McCloud River Lumber Company:
Finished Products and Distribution

Sugar pine boards from the mill ready for shipment. Heritage Junction Museum.

The McCloud River Lumber Company produced a wide variety of lumber products from the McCloud sawmills. The following pages are scanned from a 1932 pocket calendar that give details on the company, its officers, available products, sales and distribution networks, and freight rates.

Introductory details.

Company officers.

The Shevlin Pine Sales distribution network and sales offices.

"Grades We Make".

Drop Siding Patterns.

Lumber and Shook Freight Rates.

Eastern Freight Rate Schedule.

One of the major and most often overlooked uses of pine through the first half of the 20th century was in wooden shipping boxes for the California citrus industry. Several things had to fall in place for this to happen, namely (1) the establshment of the vast California citrus and other agricultural product industry, (2) development of Eastern markets for the fresh produce, (3) perfection of the ice bunker wooden refrigerator car, and (4) establishing enough ice plants along the major east-west rail corridors to keep refrigerator cars cold during the journey east. All the pieces fell into place starting in the 1890s, and by the turn of the century there had developed a crushing demand for lumber, especially pine, to make wooden crates for shipping citrus and other fresh fruits and vegetables. The reliance citrus growers had upon the pine lumber industry caused many citrus growers to buy timberlands and sawmills so they could control their own box supply.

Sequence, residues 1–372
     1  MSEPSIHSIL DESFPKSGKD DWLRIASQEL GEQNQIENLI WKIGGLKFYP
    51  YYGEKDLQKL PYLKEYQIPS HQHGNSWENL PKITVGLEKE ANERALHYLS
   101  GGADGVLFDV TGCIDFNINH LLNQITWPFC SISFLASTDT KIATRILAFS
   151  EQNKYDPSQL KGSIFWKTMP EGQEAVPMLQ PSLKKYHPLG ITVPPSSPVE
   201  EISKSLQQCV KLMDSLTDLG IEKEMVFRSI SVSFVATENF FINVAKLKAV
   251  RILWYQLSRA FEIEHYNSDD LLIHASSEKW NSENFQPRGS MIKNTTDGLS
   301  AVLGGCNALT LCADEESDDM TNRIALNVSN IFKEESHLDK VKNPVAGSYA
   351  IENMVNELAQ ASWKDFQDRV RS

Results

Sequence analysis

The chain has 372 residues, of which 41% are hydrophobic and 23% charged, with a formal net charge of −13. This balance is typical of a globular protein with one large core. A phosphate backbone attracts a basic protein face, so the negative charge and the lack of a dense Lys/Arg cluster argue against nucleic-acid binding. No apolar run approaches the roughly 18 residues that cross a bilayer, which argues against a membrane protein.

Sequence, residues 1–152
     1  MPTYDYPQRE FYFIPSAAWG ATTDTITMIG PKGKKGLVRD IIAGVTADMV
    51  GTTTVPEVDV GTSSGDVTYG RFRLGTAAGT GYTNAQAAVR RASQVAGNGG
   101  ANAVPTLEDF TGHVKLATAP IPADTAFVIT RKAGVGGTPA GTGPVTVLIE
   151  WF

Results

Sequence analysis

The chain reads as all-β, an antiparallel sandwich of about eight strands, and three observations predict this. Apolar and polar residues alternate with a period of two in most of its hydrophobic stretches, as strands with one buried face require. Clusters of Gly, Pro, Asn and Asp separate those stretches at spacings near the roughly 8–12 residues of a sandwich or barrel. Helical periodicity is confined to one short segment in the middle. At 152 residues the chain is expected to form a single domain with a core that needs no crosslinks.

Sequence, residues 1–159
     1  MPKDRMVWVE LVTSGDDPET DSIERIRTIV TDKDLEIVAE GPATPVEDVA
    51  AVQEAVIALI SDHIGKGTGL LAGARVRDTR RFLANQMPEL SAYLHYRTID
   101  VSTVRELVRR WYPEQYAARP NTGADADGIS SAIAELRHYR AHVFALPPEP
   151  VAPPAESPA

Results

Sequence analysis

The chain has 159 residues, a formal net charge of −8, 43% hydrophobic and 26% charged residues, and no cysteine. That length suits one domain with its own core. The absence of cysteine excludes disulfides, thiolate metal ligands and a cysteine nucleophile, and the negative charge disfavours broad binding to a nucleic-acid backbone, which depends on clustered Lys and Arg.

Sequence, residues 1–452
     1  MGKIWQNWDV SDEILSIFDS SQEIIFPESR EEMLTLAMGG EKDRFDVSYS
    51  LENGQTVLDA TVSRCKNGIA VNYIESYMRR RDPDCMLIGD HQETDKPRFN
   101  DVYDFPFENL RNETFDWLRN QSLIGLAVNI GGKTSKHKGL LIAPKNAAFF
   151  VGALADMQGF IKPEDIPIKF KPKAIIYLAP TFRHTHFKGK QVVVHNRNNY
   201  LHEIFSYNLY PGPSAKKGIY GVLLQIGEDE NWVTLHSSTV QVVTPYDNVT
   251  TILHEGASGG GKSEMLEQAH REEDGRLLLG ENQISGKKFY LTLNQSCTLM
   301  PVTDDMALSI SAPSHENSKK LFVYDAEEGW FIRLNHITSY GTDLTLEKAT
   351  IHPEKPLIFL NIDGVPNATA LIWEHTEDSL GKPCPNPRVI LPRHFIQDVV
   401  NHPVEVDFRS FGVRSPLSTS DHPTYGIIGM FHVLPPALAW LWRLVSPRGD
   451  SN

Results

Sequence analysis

Like almost every other sawmill in the region, the McCloud mill had a box factory adjacent to the mill, along with the other factories for things like sashes and doors. These box factories did not produce or ship finished boxes and crates but rather would cut all the pieces for a box, collectively referred to as box shook. All of the pieces for a box would be assembled into a bundle that would be wired together and then shipped to the packing shed, where the box would be assembled just prior to being filled with citrus. Some idea of the importance of the wooden box to the McCloud River operations can be gleaned from some statistics of the lumber company's 1917 operations. The two mills the company operated had a combined output of 97,778,471 board feet that year. McCloud's own box factory consumed a full thirty percent of that production, consuming 29,365,000 board feet of rough lumber to produced 27,232,000 of box shook. A full 1,048 of the 4,010.5 cars the lumber company shipped over the McCloud River Railroad that year were box shook loads, and 847 of the 2,500 lumber loads the lumber company shipped were to independent box factories in and around Sisson.

The wood box remained an important use of pine and a major customer group for the industry into the middle 1950s, when the citrus growers and shippers transitioned to the cardboard shipping container almost overnight.

The box factory is labeled along with the other factories in this early picture of that part of the mill complex. Heritage Junction Museum.

In this undated photo veteran McCloud River Railroad conductor "Chino" Haines is seen helping the box factory cut its final board. The event closed more than one circle, as Chino's father had been on the first crew in the plant when it opened a half century or so before. Heritage Junction Museum.

Assembled citrus boxes on display inside a restored ice bunker refrigerator car in the California State Railroad Museum in Sacramento, California. Sunkist was one of the fruit growing companies to enter the northeastern California timber industry directly through their Fruit Growers Supply Company subsidiary, which at one time operated large sawmills in Hilt, Susanville, and Westwood, California. FGS remains on the single largest private timberland owners in California today.